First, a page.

Farai Chideya, renowned NPR host, journalist, author and speaker, presented her speech, “The Revolution Twitterized: Impact of Social Media and Citizen Journalism” to a full audience of students, faculty, staff and community members at 7:30 p.m. yesterday in the Park Auditorium.
Jeff Cohen, director of the Park Center for Independent Media, said he has been following Chideya’s career since 1995, when she started the blog www.popandpolitics.com, which is still operating today. He said he was excited to see such a large and diverse audience.
“It’s a thrill for us to have her here,” Cohen said. “She’s worked in old and new media, independent media and corporate media and it is wonderful to have her speak.”
Chideya’s speech focused on diversity in the newsroom and social media’s impact on tradition media outlets. She discussed the growing trend of news organizations lacking diversity and the trend’s implications on the production and progression of news media.
“The pressures of the economy along with some stereotypes about who can use technology have combined to bring us into a digital age of journalism that threatens to be diversity free,” Chideya said. “When you consider the fact that there are diversity-free teams all over America trying to create the future of journalism, that’s a problem.”
When discussing her experience while covering Hurricane Katrina, Chideya explained that it is possible in today’s world of independent media and advancing technology, to produce effective news stories independently.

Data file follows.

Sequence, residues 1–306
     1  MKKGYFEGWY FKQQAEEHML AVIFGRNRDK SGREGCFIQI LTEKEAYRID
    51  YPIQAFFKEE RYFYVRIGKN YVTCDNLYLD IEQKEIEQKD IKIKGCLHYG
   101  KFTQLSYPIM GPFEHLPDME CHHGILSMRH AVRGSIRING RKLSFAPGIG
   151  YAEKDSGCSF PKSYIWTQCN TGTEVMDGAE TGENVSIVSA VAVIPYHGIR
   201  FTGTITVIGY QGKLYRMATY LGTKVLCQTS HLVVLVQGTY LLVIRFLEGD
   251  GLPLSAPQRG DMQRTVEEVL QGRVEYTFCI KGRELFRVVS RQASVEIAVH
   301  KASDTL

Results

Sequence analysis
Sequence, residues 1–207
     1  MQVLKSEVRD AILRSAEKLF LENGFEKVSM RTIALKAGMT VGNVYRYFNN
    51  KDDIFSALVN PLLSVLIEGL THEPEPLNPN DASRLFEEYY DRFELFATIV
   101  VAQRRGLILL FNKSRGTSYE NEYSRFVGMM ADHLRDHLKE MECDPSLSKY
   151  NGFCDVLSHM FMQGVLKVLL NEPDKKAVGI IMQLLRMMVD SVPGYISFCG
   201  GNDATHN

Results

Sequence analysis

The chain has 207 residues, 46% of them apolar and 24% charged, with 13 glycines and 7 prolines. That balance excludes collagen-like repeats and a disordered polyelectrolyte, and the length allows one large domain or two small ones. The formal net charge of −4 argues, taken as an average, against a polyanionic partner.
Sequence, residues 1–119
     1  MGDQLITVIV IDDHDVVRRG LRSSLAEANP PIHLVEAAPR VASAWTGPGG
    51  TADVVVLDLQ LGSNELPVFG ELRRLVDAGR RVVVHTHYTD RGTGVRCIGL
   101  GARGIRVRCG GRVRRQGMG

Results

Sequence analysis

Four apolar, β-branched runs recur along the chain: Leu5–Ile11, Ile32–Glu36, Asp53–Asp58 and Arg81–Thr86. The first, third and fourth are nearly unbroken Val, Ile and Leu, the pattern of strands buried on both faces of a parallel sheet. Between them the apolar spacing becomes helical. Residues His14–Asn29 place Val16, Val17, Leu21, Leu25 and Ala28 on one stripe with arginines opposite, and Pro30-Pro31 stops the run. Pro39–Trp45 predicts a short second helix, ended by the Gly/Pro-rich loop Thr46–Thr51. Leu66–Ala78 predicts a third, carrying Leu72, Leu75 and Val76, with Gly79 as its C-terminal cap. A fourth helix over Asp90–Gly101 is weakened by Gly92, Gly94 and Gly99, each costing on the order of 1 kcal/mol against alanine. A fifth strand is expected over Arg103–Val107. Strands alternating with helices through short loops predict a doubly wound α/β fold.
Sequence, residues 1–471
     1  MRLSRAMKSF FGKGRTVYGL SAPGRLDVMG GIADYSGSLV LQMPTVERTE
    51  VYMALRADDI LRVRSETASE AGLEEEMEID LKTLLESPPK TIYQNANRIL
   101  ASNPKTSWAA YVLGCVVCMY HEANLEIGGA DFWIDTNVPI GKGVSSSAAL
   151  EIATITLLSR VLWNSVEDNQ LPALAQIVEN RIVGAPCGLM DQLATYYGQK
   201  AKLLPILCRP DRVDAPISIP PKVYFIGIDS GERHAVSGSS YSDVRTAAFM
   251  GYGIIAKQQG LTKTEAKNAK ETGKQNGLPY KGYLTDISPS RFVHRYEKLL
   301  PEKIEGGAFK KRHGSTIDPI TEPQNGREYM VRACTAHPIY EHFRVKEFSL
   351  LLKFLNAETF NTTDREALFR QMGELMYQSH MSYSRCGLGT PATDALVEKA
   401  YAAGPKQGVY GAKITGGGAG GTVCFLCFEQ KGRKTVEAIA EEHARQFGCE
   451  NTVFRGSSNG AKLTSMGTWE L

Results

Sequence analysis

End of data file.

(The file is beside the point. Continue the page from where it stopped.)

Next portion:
“With a camera, a microphone and iMovie, it allows you to be the one man band,” she said. “There are pros and cons to the one man band approach, but it can definitely be done.”
Sophomore journalism major Chris Zivalich said he attended both the Q&A session and the speech and took Chideya’s presentation to heart.
"The discussion on journalism in the modern day and age was both exciting and insightful,” he said. “I really appreciated how she explained the role of media from a variety of angles like racial diversity and political engagement.”
Chideya also discussed the ability of journalists to create their own brand of media. She said the future, while uncertain, holds great potential for those who want to create new media.
“When I’m able to be a media maker, I am able of make sense of a world that often seems tragic or recklessly inhumane,” she said. “I believe it actually changes your relationship to the world.”
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